|Calculated through bankrate.com|
Oh, and maybe I'll finally get some life insurance, since I'm still healthy, and my mom too. That's a scary contribution and commitment because it's every single month, like student loans.
I opened my IRA back in January with Valley Communities Credit Union, but I just couldn't make any contributions. I've read endless articles about starting early and the theory of compound interests. The thing about IRA is that it doesn't require annual contributions (I think; I was once a bank teller). That means saving at your own pace. Gosh, my kids are going to be so lucky!
Read about Roth IRA here:here. Here's a quick demonstration from this site:
John* starts putting $100 a month in his Roth at age 25 until he’s 65. When he retires he’ll have $1,100,000. (assuming compound interest around 8%)Another exciting example:
Bob doesn’t start putting money in his Roth until he’s 35. He then puts the same $100 every month until he reaches 65. When he retires he’ll only have $300,000!!!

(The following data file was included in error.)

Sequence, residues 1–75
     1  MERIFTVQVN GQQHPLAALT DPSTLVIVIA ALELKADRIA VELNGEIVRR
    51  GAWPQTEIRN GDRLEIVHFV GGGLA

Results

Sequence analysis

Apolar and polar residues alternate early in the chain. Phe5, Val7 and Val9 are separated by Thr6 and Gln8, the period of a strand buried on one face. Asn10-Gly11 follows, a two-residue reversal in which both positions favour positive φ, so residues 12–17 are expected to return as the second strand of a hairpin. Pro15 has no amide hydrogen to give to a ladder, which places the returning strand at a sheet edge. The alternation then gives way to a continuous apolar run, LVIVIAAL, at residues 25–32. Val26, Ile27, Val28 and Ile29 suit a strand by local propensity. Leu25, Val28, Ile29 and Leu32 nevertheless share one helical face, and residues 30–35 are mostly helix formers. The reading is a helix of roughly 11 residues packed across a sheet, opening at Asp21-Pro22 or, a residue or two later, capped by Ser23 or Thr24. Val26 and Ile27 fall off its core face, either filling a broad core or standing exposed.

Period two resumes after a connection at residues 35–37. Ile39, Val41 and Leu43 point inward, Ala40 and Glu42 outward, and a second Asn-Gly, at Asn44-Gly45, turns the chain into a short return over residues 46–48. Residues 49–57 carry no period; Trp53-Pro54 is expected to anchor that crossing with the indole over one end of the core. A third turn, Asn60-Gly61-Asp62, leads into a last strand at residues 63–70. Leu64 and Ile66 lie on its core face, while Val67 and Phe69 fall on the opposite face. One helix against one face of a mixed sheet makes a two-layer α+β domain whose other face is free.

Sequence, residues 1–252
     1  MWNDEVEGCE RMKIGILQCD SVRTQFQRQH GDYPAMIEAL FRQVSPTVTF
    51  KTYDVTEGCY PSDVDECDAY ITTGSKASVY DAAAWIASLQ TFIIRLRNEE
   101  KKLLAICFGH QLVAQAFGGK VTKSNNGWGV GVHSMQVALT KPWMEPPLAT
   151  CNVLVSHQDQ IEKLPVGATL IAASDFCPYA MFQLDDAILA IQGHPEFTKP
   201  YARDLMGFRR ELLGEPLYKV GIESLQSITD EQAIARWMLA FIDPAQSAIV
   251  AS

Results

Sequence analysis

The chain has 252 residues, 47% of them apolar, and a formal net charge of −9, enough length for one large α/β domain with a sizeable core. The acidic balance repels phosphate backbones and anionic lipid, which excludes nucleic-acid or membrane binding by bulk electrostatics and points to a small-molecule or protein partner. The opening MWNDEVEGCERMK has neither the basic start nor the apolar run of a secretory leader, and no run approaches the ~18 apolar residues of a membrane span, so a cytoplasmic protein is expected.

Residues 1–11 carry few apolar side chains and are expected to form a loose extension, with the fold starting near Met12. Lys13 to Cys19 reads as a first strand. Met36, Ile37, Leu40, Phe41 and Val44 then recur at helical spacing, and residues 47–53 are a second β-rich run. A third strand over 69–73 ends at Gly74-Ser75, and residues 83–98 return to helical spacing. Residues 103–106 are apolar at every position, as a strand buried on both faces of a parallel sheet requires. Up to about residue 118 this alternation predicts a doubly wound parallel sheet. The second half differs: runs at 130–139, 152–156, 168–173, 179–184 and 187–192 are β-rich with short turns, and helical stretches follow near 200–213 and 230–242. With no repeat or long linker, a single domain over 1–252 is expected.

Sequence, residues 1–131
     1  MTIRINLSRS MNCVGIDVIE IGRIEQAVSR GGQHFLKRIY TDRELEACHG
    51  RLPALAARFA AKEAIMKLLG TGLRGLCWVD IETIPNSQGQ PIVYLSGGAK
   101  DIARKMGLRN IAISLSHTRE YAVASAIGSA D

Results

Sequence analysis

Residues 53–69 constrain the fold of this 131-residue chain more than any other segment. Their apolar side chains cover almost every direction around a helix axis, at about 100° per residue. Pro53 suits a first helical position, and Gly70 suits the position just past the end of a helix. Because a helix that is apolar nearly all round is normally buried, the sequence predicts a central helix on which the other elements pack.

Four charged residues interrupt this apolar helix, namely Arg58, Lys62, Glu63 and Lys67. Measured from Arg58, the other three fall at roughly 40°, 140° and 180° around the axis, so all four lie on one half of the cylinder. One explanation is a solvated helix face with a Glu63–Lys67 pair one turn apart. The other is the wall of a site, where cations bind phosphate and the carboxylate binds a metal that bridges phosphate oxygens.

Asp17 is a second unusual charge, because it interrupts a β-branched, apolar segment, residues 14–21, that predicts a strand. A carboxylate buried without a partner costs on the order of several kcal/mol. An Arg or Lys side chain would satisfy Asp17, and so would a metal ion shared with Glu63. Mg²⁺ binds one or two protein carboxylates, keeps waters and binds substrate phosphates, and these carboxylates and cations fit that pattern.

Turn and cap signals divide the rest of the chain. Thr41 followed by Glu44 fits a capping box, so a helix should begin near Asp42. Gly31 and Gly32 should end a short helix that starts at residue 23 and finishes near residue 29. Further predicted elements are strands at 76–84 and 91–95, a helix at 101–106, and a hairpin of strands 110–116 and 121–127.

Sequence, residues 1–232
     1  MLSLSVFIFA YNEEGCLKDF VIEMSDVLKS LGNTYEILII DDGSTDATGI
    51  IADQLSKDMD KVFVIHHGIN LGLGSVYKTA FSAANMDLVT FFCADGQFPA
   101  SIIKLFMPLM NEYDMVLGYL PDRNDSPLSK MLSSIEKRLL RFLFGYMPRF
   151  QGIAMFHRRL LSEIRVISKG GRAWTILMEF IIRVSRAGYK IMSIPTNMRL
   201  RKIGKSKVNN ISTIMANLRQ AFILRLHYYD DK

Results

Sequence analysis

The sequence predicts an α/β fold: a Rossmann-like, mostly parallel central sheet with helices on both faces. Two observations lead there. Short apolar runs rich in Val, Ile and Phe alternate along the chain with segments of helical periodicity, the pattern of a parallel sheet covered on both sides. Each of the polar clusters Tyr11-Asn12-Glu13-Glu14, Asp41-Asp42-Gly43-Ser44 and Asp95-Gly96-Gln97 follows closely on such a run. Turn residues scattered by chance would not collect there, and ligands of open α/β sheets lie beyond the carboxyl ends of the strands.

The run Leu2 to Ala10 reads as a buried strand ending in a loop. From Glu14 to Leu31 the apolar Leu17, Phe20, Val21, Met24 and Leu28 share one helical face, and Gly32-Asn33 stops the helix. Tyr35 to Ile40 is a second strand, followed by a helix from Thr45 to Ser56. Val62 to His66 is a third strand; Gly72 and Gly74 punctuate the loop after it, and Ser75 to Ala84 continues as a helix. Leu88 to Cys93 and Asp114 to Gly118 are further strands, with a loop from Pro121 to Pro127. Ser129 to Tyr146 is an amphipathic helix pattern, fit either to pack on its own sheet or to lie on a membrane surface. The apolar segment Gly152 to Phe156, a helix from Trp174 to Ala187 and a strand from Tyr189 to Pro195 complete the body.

Those 10 years of not investing cost him $700,000 OMG!!
The growth of a single $5,000 contribution
For example, if 20-year-old Britney makes a one-time $5,000 contribution to her Roth IRA and earns an average 8 percent annual return, and if she never touches the money, that $5,000 will grow to just under $180,000 by the time she retires at age 65
The growth of annual $5,000 contributionsCompounding can be made even more powerful through regular investments. It is great that a single $5,000 IRA contribution can grow to more than $170,000 in 45 years, but it is even more exciting to see what can happen when Britney makes saving a habit. If she were to contribute $5,000 annually to her Roth IRA for 45 years, and if she left the money to earn an average 8 percent return, her retirement savings would grow to more than $2 million.